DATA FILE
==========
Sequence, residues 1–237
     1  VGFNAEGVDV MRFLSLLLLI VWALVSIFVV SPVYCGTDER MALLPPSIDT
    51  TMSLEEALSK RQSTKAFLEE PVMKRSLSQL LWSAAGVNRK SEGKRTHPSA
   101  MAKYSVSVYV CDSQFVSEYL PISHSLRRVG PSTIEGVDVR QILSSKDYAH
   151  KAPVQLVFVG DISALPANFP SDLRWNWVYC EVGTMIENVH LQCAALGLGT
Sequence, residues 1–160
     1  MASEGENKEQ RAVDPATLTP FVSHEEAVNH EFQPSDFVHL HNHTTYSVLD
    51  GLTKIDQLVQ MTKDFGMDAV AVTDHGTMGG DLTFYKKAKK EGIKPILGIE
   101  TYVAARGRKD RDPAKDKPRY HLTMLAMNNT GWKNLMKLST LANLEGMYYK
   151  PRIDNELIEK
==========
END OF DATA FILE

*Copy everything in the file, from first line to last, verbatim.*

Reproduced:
Sequence, residues 1–237
     1  VGFNAEGVDV MRFLSLLLLI VWALVSIFVV SPVYCGTDER MALLPPSIDT
    51  TMSLEEALSK RQSTKAFLEE PVMKRSLSQL LWSAAGVNRK SEGKRTHPSA
   101  MAKYSVSVYV CDSQFVSEYL PISHSLRRVG PSTIEGVDVR QILSSKDYAH
   151  KAPVQLVFVG DISALPANFP SDLRWNWVYC EVGTMIENVH LQCAALGLGT
Sequence, residues 1–160
     1  MASEGENKEQ RAVDPATLTP FVSHEEAVNH EFQPSDFVHL HNHTTYSVLD
    51  GLTKIDQLVQ MTKDFGMDAV AVTDHGTMGG DLTFYKKAKK EGIKPILGIE
   101  TYVAARGRKD RDPAKDKPRY HLTMLAMNNT GWKNLMKLST LANLEGMYYK
   151  PRIDNELIEK